What it feels like when the computer knows more than you

I have been thinking and talking about artificial intelligence a lot, this past week. For instance, on Wednesday, I went to the Parliament with two other colleagues from Brunel, to talk about the impact of AI on workers, work and the workplace; and, on Thursday, with those same colleagues, we hosted a workshop to examine the impact of AI on strategy, where we covered issues as wide as business transformation, emerging business models, adoption case studies, and ethics and risk.

One common theme across these discussions is that AI makes us question the very notion of human intelligence, and, in effect, the essence of what makes us humans.

Over these two days, I kept remembering a TEDx talk from a few years ago, where Ken Jennings describes what it felt like playing Jeopardy against Watson (IBM’s supercomputer)… and loosing. Jennings had been made famous by winning Jeopardy more times than any other contestant, and ‘knowing stuff’ was a key part of his identity. Jennings said:

I was pretty confident that I was going to win. I had taken some artificial intelligence classes. I knew there were no computers that could do what you need to do to win on “Jeopardy.” People don’t realize how tough it is to write that kind of program that can read a “Jeopardy” clue in a natural language like English and understand all the double meanings, the puns, the red herrings, unpack the meaning of the clue. The kind of thing that a three- or four-year-old human, little kid could do, very hard for a computer. And I thought, well this is going to be child’s play.

But as the years went on, as IBM started throwing money and manpower and processor speed at this, I started to get occasional updates from them, and I started to get a little more worried. I remember a journal article about this new question answering software that had a graph. It was a scatter chart showing performance on “Jeopardy,” tens of thousands of dots representing “Jeopardy” champions up at the top (…) versus the accuracy of those answers. So, there’s a certain performance level that the computer would need to get to. And at first, it was very low. There was no software that could compete at this kind of arena. But then you see the line start to go up. And it’s getting very close to what they call the winner’s cloud. And I noticed in the upper right of the scatter chart some darker dots, some black dots, that were a different color. And thought, what are these? “The black dots in the upper right represent 74-time ‘Jeopardy’ champion Ken Jennings.” And I saw this line coming for me. And I realized, this is it. This is what it looks like when the future comes for you. It’s not the Terminator’s gun sight; it’s a little line coming closer and closer to the thing you can do, the only thing that makes you special, the thing you’re best at.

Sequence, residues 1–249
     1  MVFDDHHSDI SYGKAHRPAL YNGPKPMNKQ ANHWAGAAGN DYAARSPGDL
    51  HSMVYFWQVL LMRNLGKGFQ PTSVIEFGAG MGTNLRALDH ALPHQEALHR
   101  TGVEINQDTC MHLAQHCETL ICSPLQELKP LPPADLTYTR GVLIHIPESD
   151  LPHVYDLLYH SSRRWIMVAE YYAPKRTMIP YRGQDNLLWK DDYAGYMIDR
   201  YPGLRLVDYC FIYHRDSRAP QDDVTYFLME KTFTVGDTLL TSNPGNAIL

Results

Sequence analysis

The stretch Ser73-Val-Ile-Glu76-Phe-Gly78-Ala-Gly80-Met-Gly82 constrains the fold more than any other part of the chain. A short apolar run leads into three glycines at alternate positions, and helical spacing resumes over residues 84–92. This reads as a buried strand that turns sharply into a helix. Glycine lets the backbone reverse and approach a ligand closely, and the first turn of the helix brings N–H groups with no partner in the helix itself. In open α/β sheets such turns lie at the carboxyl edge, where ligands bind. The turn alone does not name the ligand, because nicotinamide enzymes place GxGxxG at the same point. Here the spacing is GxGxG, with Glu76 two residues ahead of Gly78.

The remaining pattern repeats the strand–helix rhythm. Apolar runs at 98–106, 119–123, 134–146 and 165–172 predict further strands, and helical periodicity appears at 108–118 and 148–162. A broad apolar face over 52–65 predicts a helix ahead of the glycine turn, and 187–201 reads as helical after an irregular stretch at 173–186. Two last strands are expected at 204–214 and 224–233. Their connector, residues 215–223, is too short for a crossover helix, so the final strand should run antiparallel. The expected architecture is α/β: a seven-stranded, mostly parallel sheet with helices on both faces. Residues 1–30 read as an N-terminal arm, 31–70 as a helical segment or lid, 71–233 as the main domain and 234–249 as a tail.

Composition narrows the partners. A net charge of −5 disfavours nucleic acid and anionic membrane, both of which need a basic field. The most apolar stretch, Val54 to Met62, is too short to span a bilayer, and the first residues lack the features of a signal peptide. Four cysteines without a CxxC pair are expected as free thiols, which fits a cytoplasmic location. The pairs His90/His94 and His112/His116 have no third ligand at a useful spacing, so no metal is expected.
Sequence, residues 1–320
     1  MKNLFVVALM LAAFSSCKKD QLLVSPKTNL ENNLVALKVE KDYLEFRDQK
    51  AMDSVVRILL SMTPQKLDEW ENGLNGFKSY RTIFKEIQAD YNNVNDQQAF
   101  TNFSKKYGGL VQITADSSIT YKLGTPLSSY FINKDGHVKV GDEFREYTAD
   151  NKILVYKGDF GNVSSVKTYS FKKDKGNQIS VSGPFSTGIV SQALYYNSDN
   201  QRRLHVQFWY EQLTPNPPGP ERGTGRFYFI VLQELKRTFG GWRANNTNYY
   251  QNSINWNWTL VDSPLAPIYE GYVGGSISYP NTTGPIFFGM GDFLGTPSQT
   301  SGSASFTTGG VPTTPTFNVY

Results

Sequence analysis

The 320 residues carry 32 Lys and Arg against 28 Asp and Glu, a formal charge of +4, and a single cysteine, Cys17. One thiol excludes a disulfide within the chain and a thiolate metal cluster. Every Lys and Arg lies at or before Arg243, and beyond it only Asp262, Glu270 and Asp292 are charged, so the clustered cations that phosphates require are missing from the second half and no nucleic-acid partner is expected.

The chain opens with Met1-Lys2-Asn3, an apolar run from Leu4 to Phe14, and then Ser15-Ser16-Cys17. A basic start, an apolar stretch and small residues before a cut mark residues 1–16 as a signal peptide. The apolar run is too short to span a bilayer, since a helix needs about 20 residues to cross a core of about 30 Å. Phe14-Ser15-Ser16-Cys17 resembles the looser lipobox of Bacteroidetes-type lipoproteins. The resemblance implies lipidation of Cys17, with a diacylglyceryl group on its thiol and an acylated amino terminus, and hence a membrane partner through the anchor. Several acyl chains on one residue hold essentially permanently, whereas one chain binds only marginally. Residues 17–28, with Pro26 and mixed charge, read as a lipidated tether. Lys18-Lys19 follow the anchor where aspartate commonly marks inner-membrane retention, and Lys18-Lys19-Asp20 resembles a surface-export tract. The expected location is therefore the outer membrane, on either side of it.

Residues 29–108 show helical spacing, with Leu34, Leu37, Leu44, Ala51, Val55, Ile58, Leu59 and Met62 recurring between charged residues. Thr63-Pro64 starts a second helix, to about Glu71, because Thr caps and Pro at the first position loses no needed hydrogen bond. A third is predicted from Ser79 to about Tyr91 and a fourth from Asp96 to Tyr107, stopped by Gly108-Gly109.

(…)

Watson won handily. And I remember standing there behind the podium as I could hear that little insectoid thumb clicking. It had a robot thumb that was clicking on the buzzer. And you could hear that little tick, tick, tick, tick. And I remember thinking, this is it. I felt obsolete. I felt like a Detroit factory worker of the ’80s seeing a robot that could now do his job on the assembly line. I felt like quiz show contestant was now the first job that had become obsolete under this new regime of thinking computers.

(…)

All I know is how it felt to be the guy put out of work. And it was friggin’ demoralizing. It was terrible. Here’s the one thing that I was ever good at, and all it took was IBM pouring tens of millions of dollars and its smartest people and thousands of processors working in parallel and they could do the same thing. They could do it a little bit faster and a little better on national TV, and “I’m sorry, Ken. We don’t need you anymore.”

(…)

As somebody who has always believed in the importance of the stuff that we know, this was a terrifying idea to me.

Jennings goes on to talk about the importance of ‘knowing stuff’ (vs. being able to access knowledge about stuff via a machine). ‘Knowing stuff’ helps us connect with each other, make informed decisions and, even, survive. It is a very good talk.

 

How do you think that AI is going to impact what you do, and what you see as important to who you are?

 

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